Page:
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Thursday, June 16, 2011

Ramblings

So I finished my first political poem the day before yesterday (minus one phrase that isn't all worked out yet). It's not that I was trying to write a political poem. And it's not that I've been avoiding writing a political poem until now either (and by political, I don't mean political in the sense that writing any poem is political, or in the sense that the personal is the political. I mean a poem espousing a point of view about how the world should be and fervently hoping others think so too.)

Here's how it happened. At first I was just writing about a personal anecdote, and when I got to the end of it, it didn't seem done. So I invented the next part of the story. Then I got stuck. So I remembered some advice I'd read once about what to try when you are stuck and here's what it is: say the opposite. Whatever it is you just said, say the opposite of it. Abut that opposite right up against the original and see what the tension does, or erase the original and replace it with the opposite and see what happens. Either of those strategies can be worth trying when stuck. And so I did. And what happened was that suddenly there was a point of view to this poem.

And I'm not sure how I feel about having written a political poem. I never thought I would simply because it didn't seem consistent with my...with my what? With my something....

And some people may read the poem and not know it is political. Lots of silly wordplay in it which helps take the edge off for one thing. And for another thing, it's not dogmatic, or I hope it's not. And it's religio-political, or politico-religious. I mean, it's about respect for the separation of religion and non-religion, and respect for the beliefs of others. It's actually anti-dogmatic.

Okay, enough said.

So just by chance I happened last night to also read a book, part-memoir part-rant, which dealt with politics and art and punctuation and more. What I'm talking about is Kurt Vonnegut's A Man Without a Country (Bloomsbury Publishing, 2005), which you really must read if you are a Vonnegut fan, and even if you are not.

To whet your appetite, I include a few random samplings from the book.

About science in art (a subject dear to me): "As an undergraduate at Cornell I was a chemistry major because my brother was a big-shot chemist. Critics feel that a person cannot be a serious artist and also have had a technical background, which I had. I know that customarily English departments in universities, without knowing what they're doing, teach dread of the engineering department, the physics department, and the chemistry department. And this fear, I think, is carried over into criticism. Most of our critics are products of the English departments and are very suspicious of anyone who takes an interest in technology. So, anyway, I was a chemistry major, but I'm always winding up as a teacher in English departments, so I've brought scientific thinking to literature. There's been very little gratitude for this."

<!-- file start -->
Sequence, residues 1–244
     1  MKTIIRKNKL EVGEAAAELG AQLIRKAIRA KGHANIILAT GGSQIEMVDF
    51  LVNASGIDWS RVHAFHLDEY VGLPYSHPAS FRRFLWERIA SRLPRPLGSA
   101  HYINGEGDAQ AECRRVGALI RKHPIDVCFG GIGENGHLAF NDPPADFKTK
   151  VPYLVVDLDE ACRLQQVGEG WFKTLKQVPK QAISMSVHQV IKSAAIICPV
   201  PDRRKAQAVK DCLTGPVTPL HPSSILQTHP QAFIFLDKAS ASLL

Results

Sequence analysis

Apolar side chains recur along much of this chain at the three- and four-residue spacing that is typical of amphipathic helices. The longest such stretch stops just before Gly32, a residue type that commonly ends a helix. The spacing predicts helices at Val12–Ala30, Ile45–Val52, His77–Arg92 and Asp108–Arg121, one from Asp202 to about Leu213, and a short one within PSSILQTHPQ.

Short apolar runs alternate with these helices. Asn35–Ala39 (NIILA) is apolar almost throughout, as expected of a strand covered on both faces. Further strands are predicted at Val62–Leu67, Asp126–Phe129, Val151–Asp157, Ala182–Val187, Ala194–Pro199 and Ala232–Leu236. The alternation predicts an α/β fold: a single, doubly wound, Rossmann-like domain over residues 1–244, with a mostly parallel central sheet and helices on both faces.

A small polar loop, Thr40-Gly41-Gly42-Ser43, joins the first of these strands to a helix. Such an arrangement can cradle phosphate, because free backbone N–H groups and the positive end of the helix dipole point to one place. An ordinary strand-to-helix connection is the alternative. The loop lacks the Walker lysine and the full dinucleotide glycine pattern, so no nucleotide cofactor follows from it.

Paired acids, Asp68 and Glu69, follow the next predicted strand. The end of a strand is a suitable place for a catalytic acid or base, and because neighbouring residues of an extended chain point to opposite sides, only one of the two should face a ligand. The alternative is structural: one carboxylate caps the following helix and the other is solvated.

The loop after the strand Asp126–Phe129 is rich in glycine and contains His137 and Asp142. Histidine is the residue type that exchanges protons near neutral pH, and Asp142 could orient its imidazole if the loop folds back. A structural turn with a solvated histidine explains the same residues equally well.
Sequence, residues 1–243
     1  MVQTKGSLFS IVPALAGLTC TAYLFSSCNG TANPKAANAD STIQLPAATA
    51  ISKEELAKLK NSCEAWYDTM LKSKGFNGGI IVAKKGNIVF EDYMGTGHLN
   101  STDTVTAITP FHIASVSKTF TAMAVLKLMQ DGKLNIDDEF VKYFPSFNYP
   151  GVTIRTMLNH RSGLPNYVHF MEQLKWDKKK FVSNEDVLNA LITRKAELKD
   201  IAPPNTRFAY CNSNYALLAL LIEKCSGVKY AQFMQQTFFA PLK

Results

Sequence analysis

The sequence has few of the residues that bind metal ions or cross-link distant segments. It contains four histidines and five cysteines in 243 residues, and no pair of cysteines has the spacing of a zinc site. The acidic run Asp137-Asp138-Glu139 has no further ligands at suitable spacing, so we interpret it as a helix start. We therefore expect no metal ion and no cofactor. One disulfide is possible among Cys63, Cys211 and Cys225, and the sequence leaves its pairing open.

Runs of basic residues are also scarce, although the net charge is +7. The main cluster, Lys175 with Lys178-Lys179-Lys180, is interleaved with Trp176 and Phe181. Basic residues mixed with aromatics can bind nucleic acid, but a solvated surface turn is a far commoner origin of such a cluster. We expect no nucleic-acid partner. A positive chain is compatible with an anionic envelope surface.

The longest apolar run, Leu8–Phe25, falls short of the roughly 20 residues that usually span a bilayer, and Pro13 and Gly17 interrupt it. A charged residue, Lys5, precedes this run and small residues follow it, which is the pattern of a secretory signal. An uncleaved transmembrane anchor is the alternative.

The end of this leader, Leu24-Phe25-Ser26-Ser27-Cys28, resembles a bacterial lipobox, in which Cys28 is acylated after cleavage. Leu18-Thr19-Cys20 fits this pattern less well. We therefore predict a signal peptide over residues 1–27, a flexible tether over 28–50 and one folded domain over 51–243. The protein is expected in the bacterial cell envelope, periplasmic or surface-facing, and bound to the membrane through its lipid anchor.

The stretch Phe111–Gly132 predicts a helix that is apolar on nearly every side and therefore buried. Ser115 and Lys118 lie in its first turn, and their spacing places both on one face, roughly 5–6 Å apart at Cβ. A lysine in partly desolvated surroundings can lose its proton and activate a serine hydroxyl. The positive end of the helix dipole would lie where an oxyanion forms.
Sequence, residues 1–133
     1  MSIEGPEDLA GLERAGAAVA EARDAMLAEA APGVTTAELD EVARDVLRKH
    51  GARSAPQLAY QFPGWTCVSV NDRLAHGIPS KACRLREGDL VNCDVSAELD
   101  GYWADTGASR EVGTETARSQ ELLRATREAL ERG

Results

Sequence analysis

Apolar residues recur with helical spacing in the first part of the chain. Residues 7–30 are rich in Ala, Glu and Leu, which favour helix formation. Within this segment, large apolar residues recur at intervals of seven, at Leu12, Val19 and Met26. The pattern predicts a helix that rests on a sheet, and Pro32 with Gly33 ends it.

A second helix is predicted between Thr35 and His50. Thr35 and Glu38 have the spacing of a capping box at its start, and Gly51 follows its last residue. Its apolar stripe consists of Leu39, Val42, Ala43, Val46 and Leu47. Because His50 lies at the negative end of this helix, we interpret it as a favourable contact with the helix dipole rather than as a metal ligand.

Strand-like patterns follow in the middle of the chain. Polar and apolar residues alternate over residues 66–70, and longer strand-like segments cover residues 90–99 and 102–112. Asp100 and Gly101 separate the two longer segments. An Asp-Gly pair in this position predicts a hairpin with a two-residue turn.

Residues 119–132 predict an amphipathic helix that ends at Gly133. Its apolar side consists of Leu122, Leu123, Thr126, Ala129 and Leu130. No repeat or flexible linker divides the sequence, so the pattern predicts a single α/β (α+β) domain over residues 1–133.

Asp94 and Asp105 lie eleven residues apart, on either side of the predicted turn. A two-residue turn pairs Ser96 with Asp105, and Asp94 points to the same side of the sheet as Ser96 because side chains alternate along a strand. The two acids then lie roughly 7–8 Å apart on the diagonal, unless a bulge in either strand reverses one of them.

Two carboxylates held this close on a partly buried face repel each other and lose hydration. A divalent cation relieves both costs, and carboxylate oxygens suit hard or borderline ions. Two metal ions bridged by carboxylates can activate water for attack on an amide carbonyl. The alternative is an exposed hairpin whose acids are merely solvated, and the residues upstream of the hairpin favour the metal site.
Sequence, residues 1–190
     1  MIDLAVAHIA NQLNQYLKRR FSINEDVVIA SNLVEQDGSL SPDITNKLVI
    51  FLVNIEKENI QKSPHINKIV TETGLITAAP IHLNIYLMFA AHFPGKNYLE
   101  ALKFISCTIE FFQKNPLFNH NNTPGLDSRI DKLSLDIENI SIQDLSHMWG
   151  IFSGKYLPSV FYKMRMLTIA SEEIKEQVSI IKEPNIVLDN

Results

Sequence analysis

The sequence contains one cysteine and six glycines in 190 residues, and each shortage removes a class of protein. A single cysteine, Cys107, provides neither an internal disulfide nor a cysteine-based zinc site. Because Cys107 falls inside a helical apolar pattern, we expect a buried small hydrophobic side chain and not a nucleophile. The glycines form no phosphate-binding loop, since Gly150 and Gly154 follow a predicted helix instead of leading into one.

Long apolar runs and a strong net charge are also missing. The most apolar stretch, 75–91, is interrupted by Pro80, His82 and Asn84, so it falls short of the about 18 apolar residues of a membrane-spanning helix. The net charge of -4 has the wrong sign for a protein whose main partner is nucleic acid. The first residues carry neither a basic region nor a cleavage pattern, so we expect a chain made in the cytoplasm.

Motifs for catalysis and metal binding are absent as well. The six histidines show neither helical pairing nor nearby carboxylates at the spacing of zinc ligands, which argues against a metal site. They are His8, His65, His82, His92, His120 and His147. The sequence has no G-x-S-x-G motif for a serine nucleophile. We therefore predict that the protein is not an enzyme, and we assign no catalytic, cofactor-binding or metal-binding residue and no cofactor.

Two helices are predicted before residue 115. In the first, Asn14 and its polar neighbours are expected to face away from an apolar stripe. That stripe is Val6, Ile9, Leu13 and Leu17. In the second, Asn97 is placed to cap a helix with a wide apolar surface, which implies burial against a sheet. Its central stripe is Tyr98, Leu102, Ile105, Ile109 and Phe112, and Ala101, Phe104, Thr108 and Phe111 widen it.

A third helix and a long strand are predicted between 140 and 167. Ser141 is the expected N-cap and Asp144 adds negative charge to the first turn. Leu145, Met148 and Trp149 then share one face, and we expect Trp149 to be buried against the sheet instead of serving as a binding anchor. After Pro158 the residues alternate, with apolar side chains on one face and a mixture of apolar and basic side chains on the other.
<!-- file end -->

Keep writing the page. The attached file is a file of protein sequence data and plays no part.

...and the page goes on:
About willfully uninformed political leadership: "Persuasive guessing has been at the core of leadership for so long, for all of human experience so far, that it is wholly unsurprising that most of the leaders of this planet, in spite of all the information that is suddenly ours, want the guessing to go on. It is now their turn to guess and guess and be listened to. Some of the loudest, most proudly ignorant guessing in the world is going on in Washington today. Our leaders are sick of all  the solid information that has been dumped on humanity by research and scholarship and investigative reporting. They think that the whole country is sick of it, and they could be right. It isn't the gold standard that they want to put us back on. They want something even more basic. They want to put us back on the snake-oil standard."

And Vonnegut quotes his friend, the graphic artist Saul Steinberg, whose answer to Vonnegut's query if he (Steinburg) was gifted was: "No, but what you respond to in any work of art is the artist's struggle against his or her limitations."

About semi-colons, Vonnegut has (by now) famously said: "They are transvestite hermaphrodites representing absolutely nothing. All they do is show you've been to college."

Thank goodness he didn't come down hard on my favorite punctuation mark, the colon, which I posted about here at Punk Punk-tuation.

Well, this is my third post today, and a long one, and one that dared mention the dreaded politics. So I am sure you've had enough of me and the way I use the word "so" far too often (which Vonnegut does too--yay, I'm in good company). I've had enough of me. So, farewell for now.

2 comments:

jgy said...

Hi Jessica,
Congratulations on the poem!
Good luck with that last phrase.

It's easy to get bogged down in the politics of even using the word "politics" so I like your rambling on the subject. Maybe Poetry is about the opposite of politics, isn't it, so there seems to be a nice completion, like a cycle, to your musings.

:)

Jessica Goodfellow said...

Hi JGY,

Thanks for your comments. Poetry and politics, it is a fraught relationship, isn't it, and therein (perhaps) lies the power.

Here's hoping so!

Looking forward to your Off-Line.....